• avatar rick gould says:

      ET had a pretty amazing jewelry collection.
      And the lesser and personal items/mementos may add up too, since they belonged to her and were often given by fellow famous celebrities…

      The way I understand it, the bulk of the estate is divvied up between her kids and her AIDS foundation. The grandchildren got a flat cash amount, according to a friend of mine, with the idea their parents pass on their inheritance with their passing…

      Whatever the case, it will be interesting to see what sells and hopefully lots of money will go to ET’s AIDS Foundation. I am also waiting to see what younger star is going to pick up the AIDS fundraising torch.

      • avatar Mr. Wow says:

        Dear Rick…

        For many years, Elizabeth carried a crazy handbag that looked like a folded magazine–about the size of Vogue. 

        I wonder if she kept it.  It would be cool to see it on display.  No, I won’t bid.  I have little interest in the personal belongings of the stars.  Owning them. 

    • avatar Count Snarkula says:

      @Baby Snooks: But I am still looking for 3 Lalique fishes that you gave to the Earth Mother, right?

      • avatar Baby Snooks says:

        I would imagine the little fishes are not major enough to warrant Christie’s but you never know.  She had a Lalique collection so the little pieces may be auctioned off as well.

        Lots of conjecture about “who gets what” but most likely it’s all retained in one trust which will now “feed” the trusts she set up for her children when the money started rolling in after Cleopatra and create new ones for the “successive generations” which is how many similar trusts are set up. Among other advantages there is no probate. So no public record. I doubt anyone will ever really know for sure unless someone decides to disclose it which is highly unlikely. She may not have done well with husbands but did do well with attorneys and accountants none of whom have ever said a word publicly about the private life of their client.  Many wondered through the years how much she was worth and the ballpark was always around $50 million. But that was her “cash value” and didn’t include the loot. The ballpark for the loot is $100-250 million. It depends on the market so to speak at auction which will determine what the art and jewelry bring in. Those are not usually items that sell on “sentimental” value although the exceptions may be the Warhol and the Krupp-Taylor diamond.  But some estimate it may be closer to around $500 million which may be where the extraordinary figure may have come from when she and Larry Fortensky divorced.  But what you have on the walls, and in the jewelry box, and what you have in the bank are two different things.   She attempted to sell the van Gogh and obviously it wasn’t because she was redecorating and it no longer fit in with the decor. She wanted the cash.  One of the unpleasant things about when she died was the possibility that the family that sued once over it may sue again.  And she may have borrowed against the other art when she couldn’t sell the van Gogh. She wasn’t ever in danger of ending up homeless but Elizabeth Taylor Inc  had a lot of overhead. It will not be a simple estate. Mainly because of the “Inc.” Richard Burton was big on the “Inc” as well to avoid the taxman, which is why he is buried in Switzerland rather than Wales, and she no doubt was as well.  As for the trusts she had already been married four times and found herself with very little financial security and so she very wisely decided to make sure she and her children finally had that security.  She got nothing from Nicky Hilton, she and Michael Wilding sort of “went dutch” in the marriage, Mike Todd left her a lot of debts, and Eddie Fisher demanded, and got, his half of the community property most of which was actually hers.  And honestly probably wasn’t too sure about Burton. So she set up the trusts. To protect herself but also her children. And in the end her children are what mattered. But then they always had mattered.  They were just part of the private life that few saw. By design.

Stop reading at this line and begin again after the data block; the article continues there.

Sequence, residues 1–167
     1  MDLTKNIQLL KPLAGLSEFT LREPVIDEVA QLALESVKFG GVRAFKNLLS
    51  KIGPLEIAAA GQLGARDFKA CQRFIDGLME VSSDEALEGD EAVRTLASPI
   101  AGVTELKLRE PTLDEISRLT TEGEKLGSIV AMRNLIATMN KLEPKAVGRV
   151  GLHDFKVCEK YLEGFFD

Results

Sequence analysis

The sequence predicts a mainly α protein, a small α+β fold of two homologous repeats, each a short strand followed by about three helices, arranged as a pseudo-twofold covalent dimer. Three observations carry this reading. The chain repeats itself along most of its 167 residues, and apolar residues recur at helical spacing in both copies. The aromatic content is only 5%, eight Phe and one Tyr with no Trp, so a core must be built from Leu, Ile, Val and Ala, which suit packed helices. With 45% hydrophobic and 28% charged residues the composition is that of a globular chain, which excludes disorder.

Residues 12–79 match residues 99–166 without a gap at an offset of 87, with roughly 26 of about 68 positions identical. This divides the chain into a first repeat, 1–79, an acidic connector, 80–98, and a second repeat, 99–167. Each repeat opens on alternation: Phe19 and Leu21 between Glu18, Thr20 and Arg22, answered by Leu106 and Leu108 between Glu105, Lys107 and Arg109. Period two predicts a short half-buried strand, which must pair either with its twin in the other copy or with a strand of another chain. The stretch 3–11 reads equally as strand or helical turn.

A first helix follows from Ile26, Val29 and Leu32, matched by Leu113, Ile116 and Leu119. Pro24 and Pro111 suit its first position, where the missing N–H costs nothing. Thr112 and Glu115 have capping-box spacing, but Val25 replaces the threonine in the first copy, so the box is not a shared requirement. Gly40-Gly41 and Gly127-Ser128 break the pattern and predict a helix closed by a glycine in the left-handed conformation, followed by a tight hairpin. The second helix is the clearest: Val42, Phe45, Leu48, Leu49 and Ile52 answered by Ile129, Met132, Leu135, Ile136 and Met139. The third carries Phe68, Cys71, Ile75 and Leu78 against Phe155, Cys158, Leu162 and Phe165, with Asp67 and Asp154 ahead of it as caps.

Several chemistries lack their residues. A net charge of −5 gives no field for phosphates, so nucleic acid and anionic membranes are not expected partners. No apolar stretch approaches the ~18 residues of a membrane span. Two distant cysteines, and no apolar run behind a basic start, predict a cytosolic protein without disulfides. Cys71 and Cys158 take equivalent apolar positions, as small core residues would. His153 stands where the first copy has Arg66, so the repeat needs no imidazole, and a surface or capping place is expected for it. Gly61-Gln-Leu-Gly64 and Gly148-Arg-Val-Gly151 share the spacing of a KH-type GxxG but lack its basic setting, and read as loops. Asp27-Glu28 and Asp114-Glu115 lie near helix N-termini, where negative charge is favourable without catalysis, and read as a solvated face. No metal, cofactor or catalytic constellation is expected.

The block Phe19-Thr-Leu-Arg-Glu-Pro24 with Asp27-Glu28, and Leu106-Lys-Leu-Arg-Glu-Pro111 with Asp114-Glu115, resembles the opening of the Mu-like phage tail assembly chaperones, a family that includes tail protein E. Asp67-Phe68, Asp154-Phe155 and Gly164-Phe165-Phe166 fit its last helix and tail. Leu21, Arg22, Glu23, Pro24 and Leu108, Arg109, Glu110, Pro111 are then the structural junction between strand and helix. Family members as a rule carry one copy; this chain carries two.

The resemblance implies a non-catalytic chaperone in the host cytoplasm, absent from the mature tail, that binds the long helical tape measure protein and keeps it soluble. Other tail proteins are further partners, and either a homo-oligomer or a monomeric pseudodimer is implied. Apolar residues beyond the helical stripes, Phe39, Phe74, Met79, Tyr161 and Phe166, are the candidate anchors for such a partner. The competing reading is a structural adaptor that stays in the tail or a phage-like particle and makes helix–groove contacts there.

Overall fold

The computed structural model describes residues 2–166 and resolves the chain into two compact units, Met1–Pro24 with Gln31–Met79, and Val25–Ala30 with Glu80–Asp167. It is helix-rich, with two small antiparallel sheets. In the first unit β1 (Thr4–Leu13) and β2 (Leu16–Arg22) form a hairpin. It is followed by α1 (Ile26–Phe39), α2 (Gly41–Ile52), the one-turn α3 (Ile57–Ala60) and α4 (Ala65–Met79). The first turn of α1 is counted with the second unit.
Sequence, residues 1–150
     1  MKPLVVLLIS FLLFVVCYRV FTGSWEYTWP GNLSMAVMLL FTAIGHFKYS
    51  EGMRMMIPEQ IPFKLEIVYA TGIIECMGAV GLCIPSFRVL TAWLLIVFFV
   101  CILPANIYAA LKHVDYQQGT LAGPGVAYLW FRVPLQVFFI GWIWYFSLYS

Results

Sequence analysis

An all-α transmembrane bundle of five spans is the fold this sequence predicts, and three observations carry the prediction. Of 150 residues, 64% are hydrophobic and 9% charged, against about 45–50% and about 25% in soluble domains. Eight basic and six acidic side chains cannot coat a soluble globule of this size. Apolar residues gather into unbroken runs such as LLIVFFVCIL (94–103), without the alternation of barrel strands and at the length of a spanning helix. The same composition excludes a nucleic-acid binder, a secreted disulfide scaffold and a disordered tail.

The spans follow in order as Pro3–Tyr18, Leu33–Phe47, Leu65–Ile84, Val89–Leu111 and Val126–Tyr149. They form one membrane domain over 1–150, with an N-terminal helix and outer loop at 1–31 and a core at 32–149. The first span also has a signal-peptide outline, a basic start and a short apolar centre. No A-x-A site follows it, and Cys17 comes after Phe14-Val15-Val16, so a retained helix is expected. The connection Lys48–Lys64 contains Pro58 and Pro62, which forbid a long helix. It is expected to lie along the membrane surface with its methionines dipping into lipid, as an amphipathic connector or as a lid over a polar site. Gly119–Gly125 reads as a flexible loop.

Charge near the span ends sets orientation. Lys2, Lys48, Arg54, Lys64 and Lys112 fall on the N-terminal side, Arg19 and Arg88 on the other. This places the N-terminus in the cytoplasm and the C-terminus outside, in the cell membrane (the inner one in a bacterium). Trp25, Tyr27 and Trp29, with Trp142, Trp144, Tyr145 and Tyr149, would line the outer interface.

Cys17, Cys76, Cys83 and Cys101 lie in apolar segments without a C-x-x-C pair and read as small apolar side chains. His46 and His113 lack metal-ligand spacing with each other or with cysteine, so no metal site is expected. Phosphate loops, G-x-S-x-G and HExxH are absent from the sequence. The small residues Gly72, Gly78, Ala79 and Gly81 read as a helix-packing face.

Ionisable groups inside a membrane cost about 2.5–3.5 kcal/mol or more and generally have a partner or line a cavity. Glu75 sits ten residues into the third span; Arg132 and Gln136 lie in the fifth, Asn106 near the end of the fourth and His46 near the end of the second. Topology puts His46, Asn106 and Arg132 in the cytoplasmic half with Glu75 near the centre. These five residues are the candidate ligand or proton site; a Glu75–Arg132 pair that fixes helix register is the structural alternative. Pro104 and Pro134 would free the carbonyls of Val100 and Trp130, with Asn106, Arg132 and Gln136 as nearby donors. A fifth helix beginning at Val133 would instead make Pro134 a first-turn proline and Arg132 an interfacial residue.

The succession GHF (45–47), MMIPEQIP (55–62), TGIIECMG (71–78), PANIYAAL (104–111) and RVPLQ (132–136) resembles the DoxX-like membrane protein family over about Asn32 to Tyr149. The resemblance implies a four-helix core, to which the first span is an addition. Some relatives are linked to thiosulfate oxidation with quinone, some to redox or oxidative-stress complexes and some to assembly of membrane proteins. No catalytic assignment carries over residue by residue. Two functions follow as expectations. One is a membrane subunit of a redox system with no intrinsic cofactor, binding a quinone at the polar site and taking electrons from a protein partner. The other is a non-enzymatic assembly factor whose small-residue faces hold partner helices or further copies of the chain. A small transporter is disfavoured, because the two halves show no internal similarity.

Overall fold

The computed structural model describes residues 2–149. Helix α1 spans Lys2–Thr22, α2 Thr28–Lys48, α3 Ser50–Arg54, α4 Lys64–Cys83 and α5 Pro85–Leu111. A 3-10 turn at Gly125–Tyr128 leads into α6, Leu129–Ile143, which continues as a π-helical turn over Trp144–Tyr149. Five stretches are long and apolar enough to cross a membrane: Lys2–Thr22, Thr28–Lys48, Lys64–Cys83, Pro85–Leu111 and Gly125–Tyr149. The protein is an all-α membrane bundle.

The reference to the unhappy marriage to Warner is really not reflective of the reality and those years probably lent a little sense of stability finally for her children who became and remained friends with his children. And she remained friends with him. They had a normal marriage. The problem was “Elizabeth Taylor.”  And Elizabeth Taylor, Inc.  As I put it once before, she was finally in Kansas with Warner. The problem is everyone around her preferred Oz. So back to Oz she went.  But as Earth Mother rather than Elizabeth Taylor.

  5. avatar Rho says:

    How dare they set Casey Anthony free?  What a world, she is now going to become very rich, you’ll see.  Watch, there will be a movie and a book, and many appearances on TV talk shows. 

    • avatar David Bolton says:

      No she won’t. She’s going to have numerous judgments against her for wasting time and resources looking for her daughter. Plus, Zanny-not-the-Nanny is going to have a field day with her in court for slander.